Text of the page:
By Banda Olney
Growing up above a Philadelphia funeral home, Tim Dinan didn’t think there was anything unusual about living alongside caskets and having the nickname Digger. Even when he realized his family was unique, he chose to embrace his birthright. Dinan, the newest owner of Bainbridge’s Cook Family Funeral Home, has made burial services his life’s work. And an impressive body of work it is.
Dinan has been in the industry for 32 years. Before that, he helped out in the family-run funeral parlor his great-grandfather started in 1890 that his family still owns, 129 years later.
The first funeral home Dinan purchased as a young man was on a quaint little island in New Jersey. Today, he and his wife, Alison, provide
traditional and innovative funeral services for Bainbridge Island and Kitsap residents.
It was while living in San Diego that Dinan first came upon the sale of the Cook’s business while browsing an industry magazine. He saw a small ad that described a “charming little funeral home on beautiful Puget Sound.” There was no phone number or email address. Instead, the ad required a written correspondence to the current owner.
Intrigued, he mailed off a letter of interest. “I’d taken a writing course in college and loved it, but I hadn’t had much occasion to write letters in the years since,” he said. After the Cooks had vetted the Dinans, determining they were the best fit to carry the business forward, Dinan learned that Dave Cook had been a journalism major and had stipulated the handwritten communication to see if anyone would care enough to write one.
It was fortuitous that Dinan did. Since purchasing the funeral home from Cook in 2018, the Dinans have honored the dedication to care and support that the Cooks valued, while also adding some environmenttohwe tally conscious services.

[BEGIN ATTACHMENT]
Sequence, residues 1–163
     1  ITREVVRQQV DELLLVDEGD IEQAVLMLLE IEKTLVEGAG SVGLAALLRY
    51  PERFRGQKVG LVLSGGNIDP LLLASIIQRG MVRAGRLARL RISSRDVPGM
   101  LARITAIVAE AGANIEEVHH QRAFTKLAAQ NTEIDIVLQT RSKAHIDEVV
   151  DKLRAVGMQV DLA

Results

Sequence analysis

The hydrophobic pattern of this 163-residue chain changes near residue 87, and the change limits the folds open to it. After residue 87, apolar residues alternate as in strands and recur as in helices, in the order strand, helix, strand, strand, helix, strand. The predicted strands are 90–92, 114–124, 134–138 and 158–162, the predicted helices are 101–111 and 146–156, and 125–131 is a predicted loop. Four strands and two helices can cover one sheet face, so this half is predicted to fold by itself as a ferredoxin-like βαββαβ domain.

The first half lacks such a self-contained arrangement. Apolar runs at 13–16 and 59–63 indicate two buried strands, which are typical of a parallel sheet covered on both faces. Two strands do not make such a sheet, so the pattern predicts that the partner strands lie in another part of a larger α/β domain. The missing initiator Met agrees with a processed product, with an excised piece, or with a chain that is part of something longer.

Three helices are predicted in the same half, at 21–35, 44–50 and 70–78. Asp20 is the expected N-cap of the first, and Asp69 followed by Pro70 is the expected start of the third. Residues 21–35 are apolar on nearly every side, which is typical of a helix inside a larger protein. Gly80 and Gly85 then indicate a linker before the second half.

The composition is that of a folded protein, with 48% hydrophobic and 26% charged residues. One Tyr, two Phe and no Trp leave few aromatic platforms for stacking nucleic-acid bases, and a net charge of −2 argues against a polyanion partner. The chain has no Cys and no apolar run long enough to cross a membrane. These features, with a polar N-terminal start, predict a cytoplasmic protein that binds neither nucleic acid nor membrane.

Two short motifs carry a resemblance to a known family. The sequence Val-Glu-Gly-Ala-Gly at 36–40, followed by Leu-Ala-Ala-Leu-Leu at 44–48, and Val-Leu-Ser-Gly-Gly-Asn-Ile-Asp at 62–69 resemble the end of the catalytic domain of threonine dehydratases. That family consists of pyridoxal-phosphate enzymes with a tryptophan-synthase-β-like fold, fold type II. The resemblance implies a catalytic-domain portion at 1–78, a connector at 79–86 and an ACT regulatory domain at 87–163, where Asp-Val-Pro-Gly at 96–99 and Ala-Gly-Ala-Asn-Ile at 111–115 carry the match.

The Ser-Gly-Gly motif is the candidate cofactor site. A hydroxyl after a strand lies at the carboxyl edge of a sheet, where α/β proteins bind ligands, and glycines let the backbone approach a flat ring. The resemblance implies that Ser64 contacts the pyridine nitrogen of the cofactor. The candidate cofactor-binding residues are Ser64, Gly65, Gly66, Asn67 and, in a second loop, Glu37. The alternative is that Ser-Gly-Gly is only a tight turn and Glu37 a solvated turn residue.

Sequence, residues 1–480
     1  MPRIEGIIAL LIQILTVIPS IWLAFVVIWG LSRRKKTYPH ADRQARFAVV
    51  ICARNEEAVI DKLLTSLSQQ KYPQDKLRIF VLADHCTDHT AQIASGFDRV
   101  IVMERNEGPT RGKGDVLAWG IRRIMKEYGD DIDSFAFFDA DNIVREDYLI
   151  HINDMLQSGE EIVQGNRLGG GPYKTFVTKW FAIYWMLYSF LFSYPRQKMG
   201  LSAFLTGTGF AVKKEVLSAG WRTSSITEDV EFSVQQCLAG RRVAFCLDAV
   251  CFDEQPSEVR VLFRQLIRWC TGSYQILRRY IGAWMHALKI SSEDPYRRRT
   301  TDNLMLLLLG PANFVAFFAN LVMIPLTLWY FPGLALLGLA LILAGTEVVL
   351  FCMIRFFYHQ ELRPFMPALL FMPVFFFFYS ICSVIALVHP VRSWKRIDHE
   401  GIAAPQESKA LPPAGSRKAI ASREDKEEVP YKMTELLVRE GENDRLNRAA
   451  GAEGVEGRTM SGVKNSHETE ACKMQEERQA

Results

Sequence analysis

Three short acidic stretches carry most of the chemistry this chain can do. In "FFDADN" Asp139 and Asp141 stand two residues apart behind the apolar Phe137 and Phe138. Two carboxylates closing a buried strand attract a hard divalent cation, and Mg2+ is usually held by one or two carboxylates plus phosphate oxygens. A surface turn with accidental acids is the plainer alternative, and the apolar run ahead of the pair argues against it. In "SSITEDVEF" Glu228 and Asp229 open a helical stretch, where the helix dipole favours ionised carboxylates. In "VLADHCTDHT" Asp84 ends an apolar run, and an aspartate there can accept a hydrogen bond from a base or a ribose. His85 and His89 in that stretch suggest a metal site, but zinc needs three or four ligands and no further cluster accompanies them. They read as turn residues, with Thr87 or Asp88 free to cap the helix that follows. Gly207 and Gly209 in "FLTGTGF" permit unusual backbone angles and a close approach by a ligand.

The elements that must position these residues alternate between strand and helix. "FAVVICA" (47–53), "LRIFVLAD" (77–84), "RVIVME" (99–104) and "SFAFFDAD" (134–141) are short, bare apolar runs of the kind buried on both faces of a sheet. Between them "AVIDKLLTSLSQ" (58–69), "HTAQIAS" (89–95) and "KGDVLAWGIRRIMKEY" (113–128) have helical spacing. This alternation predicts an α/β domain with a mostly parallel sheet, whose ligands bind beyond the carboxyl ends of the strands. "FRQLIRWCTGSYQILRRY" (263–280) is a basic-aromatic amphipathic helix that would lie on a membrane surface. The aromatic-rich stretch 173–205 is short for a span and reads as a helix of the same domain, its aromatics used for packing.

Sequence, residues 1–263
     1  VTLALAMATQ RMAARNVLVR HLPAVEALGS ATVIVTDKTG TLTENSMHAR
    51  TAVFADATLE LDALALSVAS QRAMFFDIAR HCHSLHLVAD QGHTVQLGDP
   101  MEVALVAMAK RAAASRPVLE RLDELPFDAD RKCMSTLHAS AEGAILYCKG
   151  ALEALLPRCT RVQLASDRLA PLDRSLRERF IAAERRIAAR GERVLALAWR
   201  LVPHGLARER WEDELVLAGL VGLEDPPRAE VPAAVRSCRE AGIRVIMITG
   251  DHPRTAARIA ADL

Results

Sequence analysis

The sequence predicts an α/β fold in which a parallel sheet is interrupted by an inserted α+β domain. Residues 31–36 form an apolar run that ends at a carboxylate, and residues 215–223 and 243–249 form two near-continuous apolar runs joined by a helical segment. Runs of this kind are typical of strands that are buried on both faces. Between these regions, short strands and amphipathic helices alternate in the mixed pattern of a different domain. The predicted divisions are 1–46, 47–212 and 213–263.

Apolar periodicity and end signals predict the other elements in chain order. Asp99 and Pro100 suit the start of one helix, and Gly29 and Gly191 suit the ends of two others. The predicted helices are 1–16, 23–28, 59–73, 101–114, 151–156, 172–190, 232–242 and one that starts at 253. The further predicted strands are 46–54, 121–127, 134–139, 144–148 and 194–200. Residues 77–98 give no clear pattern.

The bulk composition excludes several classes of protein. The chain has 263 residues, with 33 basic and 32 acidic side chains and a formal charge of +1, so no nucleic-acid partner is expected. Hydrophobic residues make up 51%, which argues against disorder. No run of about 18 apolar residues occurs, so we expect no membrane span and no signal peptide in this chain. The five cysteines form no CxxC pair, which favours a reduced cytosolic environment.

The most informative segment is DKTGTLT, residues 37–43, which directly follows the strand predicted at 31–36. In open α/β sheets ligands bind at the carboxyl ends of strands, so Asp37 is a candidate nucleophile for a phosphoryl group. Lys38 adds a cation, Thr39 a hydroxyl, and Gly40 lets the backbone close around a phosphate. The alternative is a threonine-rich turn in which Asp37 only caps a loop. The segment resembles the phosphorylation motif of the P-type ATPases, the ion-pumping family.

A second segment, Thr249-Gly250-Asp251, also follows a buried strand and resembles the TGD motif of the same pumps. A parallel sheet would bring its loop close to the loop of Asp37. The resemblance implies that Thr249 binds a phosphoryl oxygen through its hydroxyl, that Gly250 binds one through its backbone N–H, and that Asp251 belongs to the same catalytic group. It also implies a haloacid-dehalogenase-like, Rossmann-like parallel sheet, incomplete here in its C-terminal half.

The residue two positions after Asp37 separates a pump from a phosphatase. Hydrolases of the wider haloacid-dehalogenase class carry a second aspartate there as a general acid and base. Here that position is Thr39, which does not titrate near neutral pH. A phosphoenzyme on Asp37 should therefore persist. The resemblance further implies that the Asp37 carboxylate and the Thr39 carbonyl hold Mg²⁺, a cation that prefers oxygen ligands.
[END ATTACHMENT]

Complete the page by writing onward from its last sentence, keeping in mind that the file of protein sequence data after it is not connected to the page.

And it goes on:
Among those are green burial options at Hillcrest Cemetery on Bainbridge which they acquired last summer making Cook the only funeral home in Kitsap County to offer a designated green burial site. “It’s for people who still want that ritual of traditional burial without the environmental impact,” he said.
Green burials differ from the more heavily publicized human composting process that was legalized in Washington state earlier this year. Composting is essentially an accelerated decomposition method and involves the use of fuel (such as wood chips or straw) and manmade equipment.
The remains at the end of the weeks-long process are soil that can be scattered much like cremated remains. In contrast, in a green burial, a body is simply buried in a biodegradable shroud or casket without embalming. Composting won’t be available until 2020 when the new law takes effect, so for the time being Dinan sees green burials as the best option for an environmentally conscious choice.
He doesn’t rule out offering composting services in the future. Because green burials do away with the formality of manufactured caskets, vaults and embalming, they have been largely ignored by funeral homes because they are seen as unprofitable. Dinan explained, however, that he is less concerned with making a buck and more in favor of letting families decide for themselves how they want to lay their loved ones to rest. “I’m not a salesperson, I’m a service provider,” he said. “I’ve found that when you care for people, the business takes care of itself.”
Cook Family Funeral Home continues to offer full conventional funeral services as well, for every religious denomination. In addition to traditional cremation, they offer flameless cremation, which uses 90% less fuel than the customary process. They are also making green improvements to the decades-old building they occupy on Wyatt Way. Dinan says this is the intersection where technology meets an industry steeped in tradition. He wants to be on the forefront of positive change.
In keeping with the generous customs inspired by their predecessors, the Dinans are dedicated to giving back, supporting island museums and events and hosting an annual Toys 4 Tots drive around the holidays. “The Cooks made this a very personal business and invested in the community,” Dinan said. “We now represent that family name and want to do it well.”